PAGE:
Grover Cleveland-George Foreman. ClevelandÂ is theÂ Â only president to serve two non-consecutive terms. Foreman is the only heavyweight champion to take a massive break in between his two victorious title fights.
Benjamin Harrison-George Steinbrenner. Harrison was the first President to expand the federal budget to a billion dollars. Steinbrenner was the first professional sports owner to expand player contracts into the million dollar range.
William McKinley-Steve Olin. McKinley was killed by an anarchist, making his death far more interesting than his life. Olin was an average Major League Pitcher who has killed in a spring training boat accident, which made far more headlines than his fastball ever did.
Teddy Roosevelt-Karl Malone. Roosevelt was born and raised in New York, yet somehow became a cowboy who delivered help to American soldiers as a rough rider. Malone was born and raised in Louisiana, yet somehow became a cowboy. He also delivered help. He was the Mailman.
William Howard Taft-Stanley Roberts. Taft was so fat they had to install a special bathtub in the White House. Stanley Roberts was so fat he ate his way out of the NBA
Woodrow Wilson-Curt Flood. Wilson ended years of US neutrality by entering World War IIÂ World War I. (edit: obviously Wilson entered us into WWI not WWII, good catch in the comments) He then tried to establish a League of Nations, a precursor to the UN, which failed during his lifetime, but ultimately changed the way international diplomacy was conducted. Flood challenged the reserve clause and essentially destroyed his own career in order to earn free agency rights for Major League Baseball players. It didn’t help him, but changed the way players were treated forever.
Warren Harding-Allen Iverson. Harding filled his cabinet with questionable characters, which essentially destroyed his credibility with the American people. Allen Iverson surrounded himself with a posse of questionable characters, which made much of American uncomfortable with him.
Calvin Coolidge-Tim Duncan. They called him Silent Cal. Coolidge was more concerned with getting things done, than commenting on policy to the press. I think that pretty much sums up the Big Fundamental.
Herbert Hoover-Brooks Robinson. One is named for a vacuum. The other played like one.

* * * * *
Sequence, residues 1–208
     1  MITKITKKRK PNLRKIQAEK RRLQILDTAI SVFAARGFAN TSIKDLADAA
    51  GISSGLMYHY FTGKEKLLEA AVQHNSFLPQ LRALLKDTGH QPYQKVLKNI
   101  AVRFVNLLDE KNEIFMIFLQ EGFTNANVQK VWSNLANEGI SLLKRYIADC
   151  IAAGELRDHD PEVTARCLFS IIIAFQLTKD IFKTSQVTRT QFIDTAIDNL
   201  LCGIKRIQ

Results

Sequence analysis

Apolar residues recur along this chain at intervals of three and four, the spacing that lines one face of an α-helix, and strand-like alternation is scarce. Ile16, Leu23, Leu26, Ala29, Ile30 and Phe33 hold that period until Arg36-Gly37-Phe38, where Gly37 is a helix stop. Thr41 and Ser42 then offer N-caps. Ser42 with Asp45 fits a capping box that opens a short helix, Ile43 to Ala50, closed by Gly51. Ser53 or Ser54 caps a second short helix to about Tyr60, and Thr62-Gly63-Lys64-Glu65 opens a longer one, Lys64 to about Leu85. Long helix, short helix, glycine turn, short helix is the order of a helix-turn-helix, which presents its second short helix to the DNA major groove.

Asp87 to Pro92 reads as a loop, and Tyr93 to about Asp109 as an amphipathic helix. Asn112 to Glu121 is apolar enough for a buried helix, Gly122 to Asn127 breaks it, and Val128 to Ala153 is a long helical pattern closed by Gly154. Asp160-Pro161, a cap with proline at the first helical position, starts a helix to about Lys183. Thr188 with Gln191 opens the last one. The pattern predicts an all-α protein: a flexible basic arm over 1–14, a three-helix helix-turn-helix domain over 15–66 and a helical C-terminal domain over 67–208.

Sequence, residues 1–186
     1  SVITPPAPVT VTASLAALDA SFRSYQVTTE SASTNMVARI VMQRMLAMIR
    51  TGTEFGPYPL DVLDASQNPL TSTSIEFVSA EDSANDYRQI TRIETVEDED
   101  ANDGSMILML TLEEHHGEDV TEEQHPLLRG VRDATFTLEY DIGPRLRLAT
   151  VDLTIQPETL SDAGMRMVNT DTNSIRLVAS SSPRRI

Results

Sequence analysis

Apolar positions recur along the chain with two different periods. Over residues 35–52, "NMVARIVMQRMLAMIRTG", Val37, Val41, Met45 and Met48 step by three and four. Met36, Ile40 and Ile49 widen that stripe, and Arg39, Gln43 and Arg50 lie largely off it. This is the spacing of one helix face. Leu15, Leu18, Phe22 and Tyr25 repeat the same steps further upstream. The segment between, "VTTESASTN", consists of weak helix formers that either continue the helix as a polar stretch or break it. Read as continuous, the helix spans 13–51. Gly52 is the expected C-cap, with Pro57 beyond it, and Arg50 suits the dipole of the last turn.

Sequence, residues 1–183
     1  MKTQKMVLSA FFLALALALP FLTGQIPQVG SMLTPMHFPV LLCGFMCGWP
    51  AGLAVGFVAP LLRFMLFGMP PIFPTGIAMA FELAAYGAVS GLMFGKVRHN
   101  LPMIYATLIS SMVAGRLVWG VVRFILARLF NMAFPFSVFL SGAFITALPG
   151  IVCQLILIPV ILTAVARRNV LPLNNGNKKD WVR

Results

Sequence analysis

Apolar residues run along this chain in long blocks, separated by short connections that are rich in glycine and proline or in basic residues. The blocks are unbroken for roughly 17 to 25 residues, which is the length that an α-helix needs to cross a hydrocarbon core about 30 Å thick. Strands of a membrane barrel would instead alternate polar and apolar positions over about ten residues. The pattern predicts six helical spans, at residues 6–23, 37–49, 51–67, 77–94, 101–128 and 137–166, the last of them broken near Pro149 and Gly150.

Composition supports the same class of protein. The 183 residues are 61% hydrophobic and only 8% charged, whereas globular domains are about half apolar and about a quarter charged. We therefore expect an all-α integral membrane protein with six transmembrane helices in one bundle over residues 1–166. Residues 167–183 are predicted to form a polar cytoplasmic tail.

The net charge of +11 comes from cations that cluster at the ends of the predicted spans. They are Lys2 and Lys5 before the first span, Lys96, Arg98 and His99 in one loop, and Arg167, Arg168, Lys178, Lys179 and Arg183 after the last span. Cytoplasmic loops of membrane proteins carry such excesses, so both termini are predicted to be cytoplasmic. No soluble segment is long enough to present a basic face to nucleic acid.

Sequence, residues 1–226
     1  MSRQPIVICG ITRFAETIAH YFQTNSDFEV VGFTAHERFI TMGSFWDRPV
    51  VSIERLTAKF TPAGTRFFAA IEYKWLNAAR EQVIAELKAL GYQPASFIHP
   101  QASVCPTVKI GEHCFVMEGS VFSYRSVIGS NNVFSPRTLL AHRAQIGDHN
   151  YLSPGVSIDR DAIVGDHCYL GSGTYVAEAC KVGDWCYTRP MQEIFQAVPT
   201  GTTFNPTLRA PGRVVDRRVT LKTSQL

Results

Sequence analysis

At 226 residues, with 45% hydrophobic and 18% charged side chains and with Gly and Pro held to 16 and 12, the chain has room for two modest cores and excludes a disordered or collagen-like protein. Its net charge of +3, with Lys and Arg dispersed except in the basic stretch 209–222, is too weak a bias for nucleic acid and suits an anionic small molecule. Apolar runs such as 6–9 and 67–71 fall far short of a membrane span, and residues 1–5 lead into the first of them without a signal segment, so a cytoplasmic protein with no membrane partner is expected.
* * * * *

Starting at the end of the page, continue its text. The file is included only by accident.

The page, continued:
Franklin Roosevelt-Muhammad Ali. FDR was the greatest leader in American history, though he may have hung on a bit too long, dying a few months into his fourth term. Ali is the greatest American champion who held on a bit too long, and lost to some crappy fighters in the early 80′s. Also, FDR had polio and Ali has Parkinson’s.
Harry Truman-Bruce Sutter. Truman dropped the H bomb on Japan, fundamentally changing the way war was waged throughout the world. Bruce Sutter introduced the splitter, fundamentally changing the way baseball was played.
Dwight Eisenhower-Bill Walton. Ike was a great military leader but only a decent President. Bill Walton was an amazing college player, but had a relatively unimpressive NBA career.
John F Kennedy-Joe Namath. Kennedy is held in far greater public esteem than his Presidential accomplishments warrant. Namath threw more interceptions than touchdowns in a career which included one amazing moment.
Lyndon Johnson-Bill Buckner. LBJ was a great President who accomplished amazing things during his time in office, though he will always be remembered most for the failure of Vietnam. Buckner was one of the great hitters of the 70′s and 80′s, but will always be remembered for letting that ball get through his legs.
Richard Nixon-Barry Bonds. Nixon was a crook and a liar. Bonds is a crook and a liar.
Gerald Ford-Kevin ONeal. Ford was a seat filler who never made much of an impact on his own. Kevin O’Neal is a perennial interim coach in both the NCAA and NBA who barely lasted once he was officially given a job. He was fired after one year on the Raptors sideline.
Jimmy Carter-Kenny Smith. Jimmy Carter saved his best accomplishments for his post-presidential life. Kenny Smith has become far more famous as a broadcaster than he was as a player.
Ronald Reagan-Joe Torre. Reagan was a California Angels broadcaster who eventually became the Great Communicator and managed to turn a number of traditionally Democratic groups into consistent GOP supporters. Torre was an Anaheim Angels Broadcaster who was a great communicator and managed to turn Yankee haters around the country into pinstripe supporters
George HW Bush-Bobby Bonds. President Bush was overshadowed first by his ticket-mate Ronald Reagan, then by his son, George W Bush. Bobby Bonds was overshadowed first by his teammate, Willie Mays, then by his son, Barry Bonds.
Bill Clinton-Mike Krzyzewski. Bill Clinton was loved by some, and vilified by pretty much everyone else. Coach K gets pretty much the same reaction.
George W Bush-Manny Ramirez. George W Bush is an ass and a retard. So is Manny.
Barack Obama-Lebron James. It’s too early to tell exactly what either of these men will ultimately accomplish, though at this point, the sky’s the limit.